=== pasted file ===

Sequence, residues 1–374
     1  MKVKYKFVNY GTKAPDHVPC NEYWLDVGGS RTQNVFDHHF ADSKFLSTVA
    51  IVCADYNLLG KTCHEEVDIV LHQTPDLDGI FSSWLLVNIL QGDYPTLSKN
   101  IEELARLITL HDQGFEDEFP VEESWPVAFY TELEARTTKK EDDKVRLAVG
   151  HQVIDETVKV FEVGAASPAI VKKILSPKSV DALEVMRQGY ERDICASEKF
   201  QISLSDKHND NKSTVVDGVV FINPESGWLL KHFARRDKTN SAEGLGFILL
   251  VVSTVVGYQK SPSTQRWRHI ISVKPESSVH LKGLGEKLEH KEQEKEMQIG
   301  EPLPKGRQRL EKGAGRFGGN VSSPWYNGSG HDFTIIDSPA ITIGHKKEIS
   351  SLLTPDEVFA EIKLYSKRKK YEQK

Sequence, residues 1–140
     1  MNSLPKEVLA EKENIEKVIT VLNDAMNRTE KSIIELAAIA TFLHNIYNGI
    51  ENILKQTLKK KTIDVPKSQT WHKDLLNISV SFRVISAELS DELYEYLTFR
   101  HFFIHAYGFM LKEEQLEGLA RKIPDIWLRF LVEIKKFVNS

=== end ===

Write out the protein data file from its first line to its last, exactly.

Sequence, residues 1–374
     1  MKVKYKFVNY GTKAPDHVPC NEYWLDVGGS RTQNVFDHHF ADSKFLSTVA
    51  IVCADYNLLG KTCHEEVDIV LHQTPDLDGI FSSWLLVNIL QGDYPTLSKN
   101  IEELARLITL HDQGFEDEFP VEESWPVAFY TELEARTTKK EDDKVRLAVG
   151  HQVIDETVKV FEVGAASPAI VKKILSPKSV DALEVMRQGY ERDICASEKF
   201  QISLSDKHND NKSTVVDGVV FINPESGWLL KHFARRDKTN SAEGLGFILL
   251  VVSTVVGYQK SPSTQRWRHI ISVKPESSVH LKGLGEKLEH KEQEKEMQIG
   301  EPLPKGRQRL EKGAGRFGGN VSSPWYNGSG HDFTIIDSPA ITIGHKKEIS
   351  SLLTPDEVFA EIKLYSKRKK YEQK

Sequence, residues 1–140
     1  MNSLPKEVLA EKENIEKVIT VLNDAMNRTE KSIIELAAIA TFLHNIYNGI
    51  ENILKQTLKK KTIDVPKSQT WHKDLLNISV SFRVISAELS DELYEYLTFR
   101  HFFIHAYGFM LKEEQLEGLA RKIPDIWLRF LVEIKKFVNS